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Abuse, deaths, prompt Russian to adopt new rules


RUSSIAN ADOPTIONS: More than 10 Russian adoptees have died in the homes of their American adoptive parents

Date posted online: Sunday, June 04, 2006

Changes to the law will be too late to help little Luke Evans of Lowell.

Prosecutors say the 16-month-old Russian adoptee was shaken to death by his adoptive mother in November 2001.

Natalie Fabian Evans was charged with murder 13 months later but has yet to face a jury. Her trial is scheduled to begin June 19.

In response to news reports that more than 10 Russian children adopted by American parents have died by neglect or violence since 1991, Russian officials passed an amendment in May prohibiting foreign, independent adoptions through unlicensed agencies.

Officials predict the amendment will become federal law by the end of the year.

Phyllis and Rich Graham of Hobart adopted a Russian orphan, Alex, in April 2001 -- the same year the Evans adopted Luke.

Alex is now a healthy, happy 6-year-old, Phyllis Graham said.

She wasn't looking for a Russian child when she was told she and her husband couldn't have children. She just searched the Internet for available children and fell in love.

"There was something about his face, his smile," Graham said. More than $34,000 and four months later, Alex was home and they've never looked back.

It was a different story for the couple who traveled to Kazakhstan with the Grahams.

One month after Michael VanHyning arrived home in DeWitt County, Ill., with his son, Cameron, he nearly beat the 15-month-old to death. Records show VanHyning is serving a 28-year prison sentence for aggravated domestic battery.

Graham said Cameron was "put into another home where he could get the help he needed."

Main Street Adoptions of Martinez, Calif., handled both the Graham and VanHyning adoptions. They are no longer in business, Graham said.

In 2000, the Russian government decided any agency wishing to handle foreign adoptions must be accredited, said Patricia Beristain, the Eastern European program director for Hand in Hand International Adoptions of Tucson, Ariz.

Accredited agencies welcome the proposed Russian law, Beristain said.

"It insures the welfare of the child," she said. "The kids I know of that were harmed or killed by their adopted parents were all done via independent adoption agencies."

One of the requirements for accreditation is to provide the Russian government with documents proving post-placement and at-home visits by a social worker at six months, one, two and three years, Beristain said.

To adopt their daughter Alexsandra, now 5, Collette Lubert and Bryan Buff, of Crown Point, went through the same agency as the Evans: Small World Charity Inc.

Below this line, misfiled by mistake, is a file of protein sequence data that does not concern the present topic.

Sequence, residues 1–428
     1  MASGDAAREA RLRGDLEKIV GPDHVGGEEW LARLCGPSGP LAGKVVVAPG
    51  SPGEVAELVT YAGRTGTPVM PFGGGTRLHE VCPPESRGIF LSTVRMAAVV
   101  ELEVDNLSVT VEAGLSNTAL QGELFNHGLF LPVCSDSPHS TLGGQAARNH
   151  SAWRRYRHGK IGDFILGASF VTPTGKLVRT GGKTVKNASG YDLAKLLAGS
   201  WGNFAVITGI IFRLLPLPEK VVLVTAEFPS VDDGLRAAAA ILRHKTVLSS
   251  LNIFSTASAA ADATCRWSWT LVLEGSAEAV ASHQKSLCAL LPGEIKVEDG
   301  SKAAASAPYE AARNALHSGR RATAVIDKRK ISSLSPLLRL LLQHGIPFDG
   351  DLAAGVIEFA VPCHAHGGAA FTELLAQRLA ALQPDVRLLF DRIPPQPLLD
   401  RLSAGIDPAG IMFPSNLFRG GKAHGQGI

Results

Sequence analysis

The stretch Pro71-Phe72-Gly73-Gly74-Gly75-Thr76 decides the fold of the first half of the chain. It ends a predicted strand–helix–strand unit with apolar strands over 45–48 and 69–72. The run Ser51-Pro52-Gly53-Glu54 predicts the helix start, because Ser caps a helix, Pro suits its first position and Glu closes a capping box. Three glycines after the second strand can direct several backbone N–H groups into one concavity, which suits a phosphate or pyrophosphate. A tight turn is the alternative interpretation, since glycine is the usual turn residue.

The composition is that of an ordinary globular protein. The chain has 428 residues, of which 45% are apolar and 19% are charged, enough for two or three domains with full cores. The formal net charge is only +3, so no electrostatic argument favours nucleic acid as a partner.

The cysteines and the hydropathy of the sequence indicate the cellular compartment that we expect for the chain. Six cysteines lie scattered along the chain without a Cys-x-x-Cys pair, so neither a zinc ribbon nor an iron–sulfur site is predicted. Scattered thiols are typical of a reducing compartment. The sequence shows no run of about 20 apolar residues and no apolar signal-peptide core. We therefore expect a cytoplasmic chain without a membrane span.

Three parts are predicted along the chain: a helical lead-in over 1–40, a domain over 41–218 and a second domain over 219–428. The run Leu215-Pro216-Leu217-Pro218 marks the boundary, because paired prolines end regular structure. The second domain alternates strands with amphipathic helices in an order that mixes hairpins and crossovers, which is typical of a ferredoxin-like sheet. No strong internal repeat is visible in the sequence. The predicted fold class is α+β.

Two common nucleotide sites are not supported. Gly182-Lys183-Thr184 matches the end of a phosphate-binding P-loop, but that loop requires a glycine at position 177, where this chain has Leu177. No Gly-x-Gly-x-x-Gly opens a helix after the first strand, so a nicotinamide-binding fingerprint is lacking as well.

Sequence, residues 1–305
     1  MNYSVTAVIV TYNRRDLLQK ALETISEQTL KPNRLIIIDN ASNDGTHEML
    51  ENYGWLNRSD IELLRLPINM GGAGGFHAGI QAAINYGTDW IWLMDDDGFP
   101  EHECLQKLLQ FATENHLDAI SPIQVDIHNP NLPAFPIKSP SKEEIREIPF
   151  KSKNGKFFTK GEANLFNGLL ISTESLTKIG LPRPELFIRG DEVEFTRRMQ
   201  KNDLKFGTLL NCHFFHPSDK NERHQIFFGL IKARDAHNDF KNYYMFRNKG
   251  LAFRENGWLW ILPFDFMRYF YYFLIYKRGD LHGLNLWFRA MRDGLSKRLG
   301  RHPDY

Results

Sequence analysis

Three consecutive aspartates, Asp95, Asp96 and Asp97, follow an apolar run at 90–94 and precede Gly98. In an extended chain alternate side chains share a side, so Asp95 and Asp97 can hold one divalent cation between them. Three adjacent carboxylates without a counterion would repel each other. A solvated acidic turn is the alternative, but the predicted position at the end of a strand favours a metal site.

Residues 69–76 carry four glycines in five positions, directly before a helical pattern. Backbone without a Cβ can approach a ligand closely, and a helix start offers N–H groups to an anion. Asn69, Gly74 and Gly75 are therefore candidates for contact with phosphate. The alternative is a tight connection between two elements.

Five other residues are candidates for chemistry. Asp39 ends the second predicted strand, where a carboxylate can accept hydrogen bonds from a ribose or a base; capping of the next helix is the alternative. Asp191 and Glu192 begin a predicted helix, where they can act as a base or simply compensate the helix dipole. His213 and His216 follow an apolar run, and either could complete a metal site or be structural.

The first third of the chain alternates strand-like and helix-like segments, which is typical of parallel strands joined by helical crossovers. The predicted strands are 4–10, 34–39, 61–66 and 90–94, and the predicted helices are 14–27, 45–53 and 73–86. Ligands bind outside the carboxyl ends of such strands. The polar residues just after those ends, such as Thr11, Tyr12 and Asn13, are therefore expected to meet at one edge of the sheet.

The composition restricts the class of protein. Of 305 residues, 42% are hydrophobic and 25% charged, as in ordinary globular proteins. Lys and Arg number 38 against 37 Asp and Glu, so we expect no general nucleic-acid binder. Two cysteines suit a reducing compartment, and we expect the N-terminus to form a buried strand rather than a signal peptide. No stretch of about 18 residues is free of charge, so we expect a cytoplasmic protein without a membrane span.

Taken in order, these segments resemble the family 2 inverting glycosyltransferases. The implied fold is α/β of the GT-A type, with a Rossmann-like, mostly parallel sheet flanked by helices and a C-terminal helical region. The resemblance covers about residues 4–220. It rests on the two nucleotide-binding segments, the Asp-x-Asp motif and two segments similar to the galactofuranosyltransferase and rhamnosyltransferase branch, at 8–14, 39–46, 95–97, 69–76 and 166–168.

Lubert does not know if it is accredited. The agency Web site does not indicate Russian accreditation, and a woman who identified herself on the phone as the director Thursday said she did not have time to answer questions.

The Web site boasts the agency placed 200 Russian children. Beristain said her agency handles about 130 adoptions a year.

It cost Lubert more than $32,000 to adopt Alexsandra in May 2002. Small World gave her a list of things she should bring with her including crisp, American $100 bills, cologne for the judge, whiskey for the minister of education and school supplies for the judge's children.

Lubert took the "baby house" workers gifts of wooden spoons, chocolate, picture frames and $30 each -- about one month's wages, she said.

While they don't provide clients with a specific list of what Russian officials want, Beristain's agency encourages the families to "take gifts to their coordinators because it's part of Russian culture," she said.

Because she feels a special bond with little Luke Evans, who came from the same orphanage as Alexsandra, Lubert regularly visits his grave, where Alexsandra places flowers.

Upon hearing about the VanHyning case, Lubert was full of questions.

"Why? Why go through all that and then hurt the child? After seeing them in that home? They're so helpless and vulnerable."

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Phyllis Graham, who along with her husband Rich, adopted Alex from Russia in 2001, had a harrowing experience on her trip to Russia. Graham said the director of the agency handling the adoption, became upset when the Grahams questioned all the money gifts people expected.

The director told her to "Shut up and listen and do what you're told."

"She threatened to tear up our contract and leave us there," Graham said. Although that didn't happen, Graham said she advises anyone considering a foreign adoption to investigate the adoption agency.

"Do your homework," Graham said. "And go with a local agency, if possible."

2006 Jun 4